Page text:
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Lucio Fontana was born February 19, 1899, in Rosario de Santa Fé, Argentina.
His father was Italian and his mother Argentinean. He lived in Milan from 1905
to 1922 and then moved back to Argentina, where he worked as a sculptor in his
fathers studio for several years before opening his own. In 1926, he participated
in the first exhibition of Nexus, a group of young Argentinean artists working
in Rosario de Santa Fé. Upon his return to Milan in 1928, Fontana enrolled
at the Accademia di Belle Arti di Brera, which he attended for two years.
The Galleria Il Milione, Milan, organized Fontanas first solo exhibition
in 1930. In 1934, he joined the group of abstract Italian sculptors associated
with Galleria Il Milione. The artist traveled to Paris in 1935 and joined the
Abstraction-Création group. The same year, he developed his skills in
ceramics in Albisola, Italy, and later at the Sèvres factory, near Paris.
In 1939, he joined the Corrente, a Milan group of expressionist artists. He
also intensified his lifelong collaboration with architects during this period.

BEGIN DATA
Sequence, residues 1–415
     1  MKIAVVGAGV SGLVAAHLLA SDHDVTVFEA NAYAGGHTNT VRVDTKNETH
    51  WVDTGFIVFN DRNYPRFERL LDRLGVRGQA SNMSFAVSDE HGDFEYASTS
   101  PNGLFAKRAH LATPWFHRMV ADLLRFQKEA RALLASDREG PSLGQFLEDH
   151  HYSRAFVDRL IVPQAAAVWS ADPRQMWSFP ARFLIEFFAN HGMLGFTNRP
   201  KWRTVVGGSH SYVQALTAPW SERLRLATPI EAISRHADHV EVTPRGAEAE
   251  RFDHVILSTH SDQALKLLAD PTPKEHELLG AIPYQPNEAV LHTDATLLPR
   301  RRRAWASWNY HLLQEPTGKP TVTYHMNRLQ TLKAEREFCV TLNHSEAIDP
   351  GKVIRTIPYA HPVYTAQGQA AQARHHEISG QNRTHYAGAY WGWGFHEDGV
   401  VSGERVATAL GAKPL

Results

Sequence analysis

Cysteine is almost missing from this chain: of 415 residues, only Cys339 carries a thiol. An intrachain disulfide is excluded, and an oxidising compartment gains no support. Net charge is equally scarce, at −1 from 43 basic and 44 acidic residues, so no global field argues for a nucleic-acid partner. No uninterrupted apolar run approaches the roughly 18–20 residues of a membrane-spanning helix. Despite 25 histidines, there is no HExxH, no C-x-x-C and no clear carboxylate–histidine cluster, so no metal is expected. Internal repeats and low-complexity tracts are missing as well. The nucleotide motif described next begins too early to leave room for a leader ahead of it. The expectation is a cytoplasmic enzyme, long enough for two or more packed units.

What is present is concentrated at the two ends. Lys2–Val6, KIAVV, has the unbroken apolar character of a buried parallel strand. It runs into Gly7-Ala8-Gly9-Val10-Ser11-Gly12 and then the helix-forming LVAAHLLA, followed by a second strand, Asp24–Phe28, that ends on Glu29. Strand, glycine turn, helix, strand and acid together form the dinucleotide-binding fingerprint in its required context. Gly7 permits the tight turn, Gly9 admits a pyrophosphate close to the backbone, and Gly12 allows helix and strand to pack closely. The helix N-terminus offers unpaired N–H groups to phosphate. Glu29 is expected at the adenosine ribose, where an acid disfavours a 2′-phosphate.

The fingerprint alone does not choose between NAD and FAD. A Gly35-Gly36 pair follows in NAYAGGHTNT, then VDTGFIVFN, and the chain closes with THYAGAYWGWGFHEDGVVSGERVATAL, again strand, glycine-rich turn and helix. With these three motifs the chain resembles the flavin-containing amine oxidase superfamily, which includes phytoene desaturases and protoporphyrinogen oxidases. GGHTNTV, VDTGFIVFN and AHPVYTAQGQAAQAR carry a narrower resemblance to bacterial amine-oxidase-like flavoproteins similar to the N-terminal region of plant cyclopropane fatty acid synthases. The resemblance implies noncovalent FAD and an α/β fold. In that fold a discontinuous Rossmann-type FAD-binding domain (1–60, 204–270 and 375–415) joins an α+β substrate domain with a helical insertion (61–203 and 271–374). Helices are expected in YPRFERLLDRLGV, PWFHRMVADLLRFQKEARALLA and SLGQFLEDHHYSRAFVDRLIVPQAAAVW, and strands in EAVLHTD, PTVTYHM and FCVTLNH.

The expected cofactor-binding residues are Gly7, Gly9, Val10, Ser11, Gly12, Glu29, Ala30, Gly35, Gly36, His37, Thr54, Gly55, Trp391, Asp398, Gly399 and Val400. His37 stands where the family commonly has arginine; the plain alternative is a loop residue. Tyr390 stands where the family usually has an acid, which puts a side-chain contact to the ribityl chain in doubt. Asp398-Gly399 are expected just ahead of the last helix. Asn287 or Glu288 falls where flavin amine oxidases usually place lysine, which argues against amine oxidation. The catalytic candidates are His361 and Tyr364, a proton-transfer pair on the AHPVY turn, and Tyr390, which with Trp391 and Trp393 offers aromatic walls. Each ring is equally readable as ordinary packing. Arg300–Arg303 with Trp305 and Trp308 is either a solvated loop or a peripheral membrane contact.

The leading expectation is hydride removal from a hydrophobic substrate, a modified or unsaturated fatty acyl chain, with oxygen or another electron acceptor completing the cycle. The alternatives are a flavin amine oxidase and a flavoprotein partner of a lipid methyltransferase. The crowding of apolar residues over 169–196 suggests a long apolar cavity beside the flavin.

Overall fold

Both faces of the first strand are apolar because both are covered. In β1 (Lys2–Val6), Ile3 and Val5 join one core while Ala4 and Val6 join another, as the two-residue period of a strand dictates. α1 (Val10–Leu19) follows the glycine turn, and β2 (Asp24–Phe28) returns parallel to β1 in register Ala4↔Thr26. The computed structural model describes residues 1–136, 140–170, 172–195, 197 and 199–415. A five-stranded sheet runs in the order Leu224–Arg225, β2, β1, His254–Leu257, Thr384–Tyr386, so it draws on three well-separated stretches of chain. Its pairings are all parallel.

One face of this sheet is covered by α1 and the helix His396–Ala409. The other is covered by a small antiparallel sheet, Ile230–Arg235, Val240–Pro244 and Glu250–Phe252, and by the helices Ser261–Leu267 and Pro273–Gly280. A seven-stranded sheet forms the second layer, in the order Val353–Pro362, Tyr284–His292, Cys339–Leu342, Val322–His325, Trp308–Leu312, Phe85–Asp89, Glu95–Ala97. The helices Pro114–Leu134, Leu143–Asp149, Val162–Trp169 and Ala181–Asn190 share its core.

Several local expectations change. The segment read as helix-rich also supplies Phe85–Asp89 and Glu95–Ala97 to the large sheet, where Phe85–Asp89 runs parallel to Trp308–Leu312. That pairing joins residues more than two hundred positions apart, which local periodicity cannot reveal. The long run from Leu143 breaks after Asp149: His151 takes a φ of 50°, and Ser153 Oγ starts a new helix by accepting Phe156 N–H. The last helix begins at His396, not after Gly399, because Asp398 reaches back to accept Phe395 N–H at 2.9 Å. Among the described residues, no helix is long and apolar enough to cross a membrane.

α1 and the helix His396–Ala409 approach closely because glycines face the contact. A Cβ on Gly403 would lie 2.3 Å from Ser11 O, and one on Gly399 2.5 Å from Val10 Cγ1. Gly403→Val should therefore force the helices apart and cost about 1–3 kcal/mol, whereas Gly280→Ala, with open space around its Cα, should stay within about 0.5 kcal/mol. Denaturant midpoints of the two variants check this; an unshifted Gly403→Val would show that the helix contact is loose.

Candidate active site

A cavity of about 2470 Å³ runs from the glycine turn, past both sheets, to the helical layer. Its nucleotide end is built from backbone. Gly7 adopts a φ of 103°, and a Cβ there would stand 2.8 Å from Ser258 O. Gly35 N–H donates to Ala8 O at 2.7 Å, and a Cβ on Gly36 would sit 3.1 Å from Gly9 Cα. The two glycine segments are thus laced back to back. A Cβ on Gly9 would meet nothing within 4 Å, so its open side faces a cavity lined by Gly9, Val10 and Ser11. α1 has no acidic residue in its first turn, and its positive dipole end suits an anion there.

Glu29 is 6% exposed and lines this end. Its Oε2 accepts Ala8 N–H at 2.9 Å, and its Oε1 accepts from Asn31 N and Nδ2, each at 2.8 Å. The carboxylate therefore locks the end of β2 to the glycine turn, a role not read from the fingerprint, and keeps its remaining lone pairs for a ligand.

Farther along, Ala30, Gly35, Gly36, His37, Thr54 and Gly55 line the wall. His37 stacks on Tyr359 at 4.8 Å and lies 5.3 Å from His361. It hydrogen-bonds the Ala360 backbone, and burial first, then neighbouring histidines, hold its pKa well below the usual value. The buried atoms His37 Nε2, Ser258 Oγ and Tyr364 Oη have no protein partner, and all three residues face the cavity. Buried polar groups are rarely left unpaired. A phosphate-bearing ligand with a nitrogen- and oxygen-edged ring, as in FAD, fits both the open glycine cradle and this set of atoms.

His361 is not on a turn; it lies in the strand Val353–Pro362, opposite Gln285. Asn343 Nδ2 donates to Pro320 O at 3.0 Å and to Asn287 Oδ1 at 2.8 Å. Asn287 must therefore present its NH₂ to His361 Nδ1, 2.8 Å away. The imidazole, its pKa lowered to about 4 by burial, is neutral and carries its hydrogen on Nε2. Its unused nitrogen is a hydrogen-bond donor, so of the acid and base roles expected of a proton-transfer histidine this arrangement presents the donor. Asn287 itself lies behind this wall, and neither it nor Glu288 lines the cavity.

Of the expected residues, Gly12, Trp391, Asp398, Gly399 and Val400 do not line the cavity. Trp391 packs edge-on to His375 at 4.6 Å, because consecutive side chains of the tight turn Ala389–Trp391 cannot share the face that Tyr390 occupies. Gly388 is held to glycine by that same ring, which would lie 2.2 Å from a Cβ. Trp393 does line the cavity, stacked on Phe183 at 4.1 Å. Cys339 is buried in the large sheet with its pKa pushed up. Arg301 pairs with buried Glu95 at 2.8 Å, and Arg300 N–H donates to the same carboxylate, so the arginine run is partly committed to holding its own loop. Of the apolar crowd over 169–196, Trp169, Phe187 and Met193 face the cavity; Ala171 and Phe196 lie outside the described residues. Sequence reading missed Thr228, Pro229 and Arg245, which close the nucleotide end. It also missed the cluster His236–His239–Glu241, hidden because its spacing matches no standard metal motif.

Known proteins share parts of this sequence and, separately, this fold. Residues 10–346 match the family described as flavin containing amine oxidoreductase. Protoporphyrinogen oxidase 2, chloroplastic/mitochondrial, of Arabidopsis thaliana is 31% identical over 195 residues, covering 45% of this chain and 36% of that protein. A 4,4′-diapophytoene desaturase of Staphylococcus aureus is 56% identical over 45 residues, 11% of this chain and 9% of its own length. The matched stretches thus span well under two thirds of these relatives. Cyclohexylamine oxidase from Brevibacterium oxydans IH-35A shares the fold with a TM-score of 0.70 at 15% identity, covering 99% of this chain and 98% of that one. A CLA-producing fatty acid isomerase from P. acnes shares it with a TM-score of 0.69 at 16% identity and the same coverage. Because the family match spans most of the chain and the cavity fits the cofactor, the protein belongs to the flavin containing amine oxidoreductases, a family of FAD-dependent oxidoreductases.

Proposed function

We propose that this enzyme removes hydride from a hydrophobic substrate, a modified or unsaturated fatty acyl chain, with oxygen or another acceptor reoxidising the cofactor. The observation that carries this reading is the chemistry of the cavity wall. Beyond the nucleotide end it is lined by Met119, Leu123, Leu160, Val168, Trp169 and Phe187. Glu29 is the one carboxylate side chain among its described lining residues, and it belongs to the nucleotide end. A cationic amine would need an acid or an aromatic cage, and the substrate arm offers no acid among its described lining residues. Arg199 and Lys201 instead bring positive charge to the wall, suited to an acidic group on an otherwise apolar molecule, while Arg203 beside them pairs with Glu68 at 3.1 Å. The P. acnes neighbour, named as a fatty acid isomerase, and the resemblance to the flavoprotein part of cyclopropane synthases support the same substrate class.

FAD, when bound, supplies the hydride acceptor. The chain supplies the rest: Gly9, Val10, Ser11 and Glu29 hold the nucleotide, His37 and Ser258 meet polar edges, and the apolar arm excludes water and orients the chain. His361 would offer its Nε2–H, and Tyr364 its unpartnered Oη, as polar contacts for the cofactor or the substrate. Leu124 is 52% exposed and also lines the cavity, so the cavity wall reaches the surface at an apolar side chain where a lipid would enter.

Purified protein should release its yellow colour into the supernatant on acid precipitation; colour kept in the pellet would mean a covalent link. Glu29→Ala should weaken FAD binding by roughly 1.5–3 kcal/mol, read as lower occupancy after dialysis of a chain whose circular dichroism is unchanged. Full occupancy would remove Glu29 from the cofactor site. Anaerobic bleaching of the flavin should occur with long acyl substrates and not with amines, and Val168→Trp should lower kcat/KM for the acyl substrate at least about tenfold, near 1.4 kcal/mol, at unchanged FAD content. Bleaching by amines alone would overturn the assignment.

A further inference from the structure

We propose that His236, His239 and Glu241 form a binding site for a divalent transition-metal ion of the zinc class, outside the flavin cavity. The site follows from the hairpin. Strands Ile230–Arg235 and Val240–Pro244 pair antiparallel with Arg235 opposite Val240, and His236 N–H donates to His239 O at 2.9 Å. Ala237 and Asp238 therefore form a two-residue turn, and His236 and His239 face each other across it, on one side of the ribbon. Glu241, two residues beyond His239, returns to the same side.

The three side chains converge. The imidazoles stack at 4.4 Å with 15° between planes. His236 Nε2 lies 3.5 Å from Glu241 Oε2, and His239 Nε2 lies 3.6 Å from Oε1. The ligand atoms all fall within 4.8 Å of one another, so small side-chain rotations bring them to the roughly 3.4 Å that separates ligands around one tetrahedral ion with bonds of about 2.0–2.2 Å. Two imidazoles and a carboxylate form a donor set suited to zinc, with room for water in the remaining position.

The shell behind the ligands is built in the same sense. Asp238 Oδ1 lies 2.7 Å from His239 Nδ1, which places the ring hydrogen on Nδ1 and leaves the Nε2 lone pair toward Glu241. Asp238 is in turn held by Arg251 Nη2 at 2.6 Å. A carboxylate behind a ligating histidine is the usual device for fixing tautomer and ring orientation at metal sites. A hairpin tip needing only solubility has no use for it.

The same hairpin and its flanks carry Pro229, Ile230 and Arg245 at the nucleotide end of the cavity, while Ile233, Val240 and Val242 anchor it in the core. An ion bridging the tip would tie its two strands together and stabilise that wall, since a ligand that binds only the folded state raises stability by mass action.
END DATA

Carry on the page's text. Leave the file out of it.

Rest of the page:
In 1940, Fontana moved to Buenos Aires. With some of his students, he founded
in 1946 the Academia de Altamira from which emerged the Manifiesto Blanco group.
He moved back to Milan in 1947 and in collaboration with a group of writers
and philosophers signed the Primo manifesto dello spazialismo. He subsequently
resumed his ceramic work in Albisola to explore these new ideas with his Concetti
The year 1949 marked a turning point in Fontanas career; he concurrently
created the Buchi, his first series of paintings in which he punctured the canvas,
and his first spatial environment, a combination of shapeless sculptures, fluorescent
paintings, and black lights to be viewed in a dark room. The latter work soon
led him to employ neon tubing in ceiling decoration. In the early 1950s, he
participated in the Italian Art Informel [more] exhibitions. During this decade,
he explored working with various effects, such as slashing and perforating,
in both painting and sculpture. The artist visited New York in 1961 during a
show of his work at the Martha Jackson Gallery. In 1966, he designed opera sets
and costumes for La Scala, Milan.
In the last year of his career, Fontana became increasingly interested in the
staging of his work in the many exhibitions that honored him worldwide, as well
as in the idea of purity achieved in his last white canvases. These concerns
were prominent at the 1966 Venice Biennale, for which he designed the environment
for his work, and at the 1968 Documenta in Kassel. Fontana died September 7,
1968, in Comabbio, Italy.
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